For some exercises or workouts, two dumbbells are better than one. After all, it’s twice the workload. But where pecs are concerned, you can train effectively with just 1 dumbbell.
By focusing on one arm at a time, you can eliminate any potential difference in load between the arms (e.g. if the right arm is stronger than the left).
If you don’t have a weight bench, you can use a sofa armrest or a stool, for example. And to make each exercise even more challenging, you can add some slow-motion repetitions, says Carolina Araujo, a professional trainer from New York City. Or alternate these exercises with push-ups to seriously stress your pecs.
Exercise 1. Back dumbbell press
- Lie on a weight bench with one dumbbell in your right hand and keep the weight at chest level.
- Extend your left arm to the side.
- Rest your heels on the floor and strengthen your abs. As you exhale, lift the dumbbell while straightening your elbow.
- On an inhale, lower the weight back to chest level.
- Be sure to do the same number of repetitions for each side.
Keep your feet on the floor at all times, with your neck and back pressed against the bench. You can make this exercise more challenging by lowering the bench to a minimum height from the floor (if the height is adjustable), says Araujo.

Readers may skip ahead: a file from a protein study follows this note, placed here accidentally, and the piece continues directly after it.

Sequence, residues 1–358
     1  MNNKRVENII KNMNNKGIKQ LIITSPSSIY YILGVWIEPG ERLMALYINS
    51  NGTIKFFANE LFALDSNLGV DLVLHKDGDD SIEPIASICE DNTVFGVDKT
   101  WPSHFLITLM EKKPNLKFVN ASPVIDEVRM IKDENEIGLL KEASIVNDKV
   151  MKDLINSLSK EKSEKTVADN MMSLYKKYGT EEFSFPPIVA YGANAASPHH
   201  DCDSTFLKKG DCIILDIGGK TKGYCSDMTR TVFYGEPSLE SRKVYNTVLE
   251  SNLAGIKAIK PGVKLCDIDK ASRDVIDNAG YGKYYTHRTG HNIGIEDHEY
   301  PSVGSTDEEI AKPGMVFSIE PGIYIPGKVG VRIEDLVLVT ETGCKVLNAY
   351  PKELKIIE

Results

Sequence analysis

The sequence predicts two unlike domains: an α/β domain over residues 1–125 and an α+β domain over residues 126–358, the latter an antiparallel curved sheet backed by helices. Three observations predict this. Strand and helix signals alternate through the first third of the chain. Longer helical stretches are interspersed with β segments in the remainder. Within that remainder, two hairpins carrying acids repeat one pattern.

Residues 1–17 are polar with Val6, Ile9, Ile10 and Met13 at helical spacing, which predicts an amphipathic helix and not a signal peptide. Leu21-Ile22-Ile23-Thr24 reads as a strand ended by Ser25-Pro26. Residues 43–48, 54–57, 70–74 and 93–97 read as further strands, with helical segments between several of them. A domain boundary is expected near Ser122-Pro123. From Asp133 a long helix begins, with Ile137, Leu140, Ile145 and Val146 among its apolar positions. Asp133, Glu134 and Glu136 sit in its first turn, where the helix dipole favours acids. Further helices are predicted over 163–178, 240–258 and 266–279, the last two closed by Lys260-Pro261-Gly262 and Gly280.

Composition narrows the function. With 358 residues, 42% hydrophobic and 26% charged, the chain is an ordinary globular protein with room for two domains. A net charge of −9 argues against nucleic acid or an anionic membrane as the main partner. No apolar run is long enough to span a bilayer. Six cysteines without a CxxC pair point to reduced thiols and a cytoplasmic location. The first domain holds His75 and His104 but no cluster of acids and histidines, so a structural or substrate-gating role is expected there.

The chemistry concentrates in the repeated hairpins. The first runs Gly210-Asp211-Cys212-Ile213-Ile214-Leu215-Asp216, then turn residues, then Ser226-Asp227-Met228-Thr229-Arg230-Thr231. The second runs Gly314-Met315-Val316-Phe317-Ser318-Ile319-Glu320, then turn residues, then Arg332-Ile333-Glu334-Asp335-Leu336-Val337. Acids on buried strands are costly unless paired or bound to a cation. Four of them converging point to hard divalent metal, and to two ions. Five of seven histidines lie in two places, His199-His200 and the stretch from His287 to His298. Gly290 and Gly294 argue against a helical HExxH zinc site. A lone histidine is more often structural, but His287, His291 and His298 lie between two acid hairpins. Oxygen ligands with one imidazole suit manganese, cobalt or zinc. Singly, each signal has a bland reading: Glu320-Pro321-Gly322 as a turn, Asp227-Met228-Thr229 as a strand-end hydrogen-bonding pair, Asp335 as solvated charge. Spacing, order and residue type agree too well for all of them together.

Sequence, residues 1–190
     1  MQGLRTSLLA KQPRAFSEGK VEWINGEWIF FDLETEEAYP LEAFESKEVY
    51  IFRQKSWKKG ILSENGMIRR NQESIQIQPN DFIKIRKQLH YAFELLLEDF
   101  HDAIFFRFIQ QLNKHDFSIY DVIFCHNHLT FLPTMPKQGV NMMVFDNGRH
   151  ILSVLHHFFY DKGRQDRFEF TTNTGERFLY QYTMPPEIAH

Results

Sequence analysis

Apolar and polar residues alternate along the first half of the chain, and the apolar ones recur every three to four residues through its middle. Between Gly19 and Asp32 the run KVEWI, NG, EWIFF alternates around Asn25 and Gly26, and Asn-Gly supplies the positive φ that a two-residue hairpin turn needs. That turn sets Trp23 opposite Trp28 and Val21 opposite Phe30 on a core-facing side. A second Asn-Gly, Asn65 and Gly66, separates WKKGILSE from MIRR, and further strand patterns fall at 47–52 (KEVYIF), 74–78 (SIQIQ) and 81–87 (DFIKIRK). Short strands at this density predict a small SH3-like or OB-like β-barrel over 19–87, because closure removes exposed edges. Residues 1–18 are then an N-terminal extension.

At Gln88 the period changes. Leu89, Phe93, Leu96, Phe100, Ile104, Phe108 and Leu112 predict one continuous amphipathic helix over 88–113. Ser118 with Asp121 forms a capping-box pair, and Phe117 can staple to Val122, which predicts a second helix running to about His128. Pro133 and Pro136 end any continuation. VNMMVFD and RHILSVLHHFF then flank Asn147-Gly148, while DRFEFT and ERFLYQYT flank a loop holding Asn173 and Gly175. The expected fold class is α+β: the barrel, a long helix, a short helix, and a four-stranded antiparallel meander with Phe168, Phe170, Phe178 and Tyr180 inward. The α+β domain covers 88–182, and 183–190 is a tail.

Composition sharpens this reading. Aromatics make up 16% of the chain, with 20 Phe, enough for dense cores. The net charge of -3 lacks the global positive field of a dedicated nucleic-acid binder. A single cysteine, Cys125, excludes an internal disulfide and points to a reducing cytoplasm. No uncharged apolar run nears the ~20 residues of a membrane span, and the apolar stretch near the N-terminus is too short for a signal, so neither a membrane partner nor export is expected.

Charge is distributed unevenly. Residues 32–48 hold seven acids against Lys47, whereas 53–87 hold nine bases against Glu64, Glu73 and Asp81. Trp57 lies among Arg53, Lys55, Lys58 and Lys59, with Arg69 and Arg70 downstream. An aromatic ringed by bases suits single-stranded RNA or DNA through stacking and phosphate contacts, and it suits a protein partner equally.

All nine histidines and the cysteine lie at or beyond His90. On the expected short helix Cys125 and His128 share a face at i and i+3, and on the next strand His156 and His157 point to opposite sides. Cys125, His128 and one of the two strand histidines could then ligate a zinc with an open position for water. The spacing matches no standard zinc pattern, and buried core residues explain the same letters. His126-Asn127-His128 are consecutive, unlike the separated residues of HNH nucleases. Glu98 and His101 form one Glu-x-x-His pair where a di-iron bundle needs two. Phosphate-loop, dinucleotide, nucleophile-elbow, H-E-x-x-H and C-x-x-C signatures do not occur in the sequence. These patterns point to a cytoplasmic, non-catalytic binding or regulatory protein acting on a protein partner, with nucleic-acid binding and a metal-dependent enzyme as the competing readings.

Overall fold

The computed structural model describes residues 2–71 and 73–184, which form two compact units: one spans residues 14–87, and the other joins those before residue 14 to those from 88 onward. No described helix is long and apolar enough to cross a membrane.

Exercise 2. Narrow dumbbell press
- Lie down on a weight bench, rest your feet on the floor with your head and neck on the bench.
- Grasp the dumbbell with both hands by the edges at about a 45 degree angle from your ribs.
- As you inhale, lift the dumbbell in your outstretched arms.
- Exhale and press the dumbbell straight up against your chest.
You can even perform this exercise on an incline bench to get even more exertion, says Araujo.
Exercise 3. Dumbbell pullover
- Lie on a weight bench, rest your feet on the floor, with your head and neck on the bench.
- Hold one dumbbell with both hands at chest level.
- With an arcing motion, lower the dumbbell behind your head, allowing the free end of the weight to fall below the bench.
- As you exhale, pull the dumbbell back to chest level.
You can make this exercise even harder with your shoulder blades resting on the edge of the bench while keeping your lower body in a bridge position, says Araujo.
Exercise 4: Standing dumbbell press
- Stand up straight, feet hip-width apart, shoulders back. Grab the dumbbell with both hands by the edges.
- As you exhale, bring your arms forward and lift the dumbbell upwards by about 45 degrees.
- Inhale and transfer the weight back to your chest.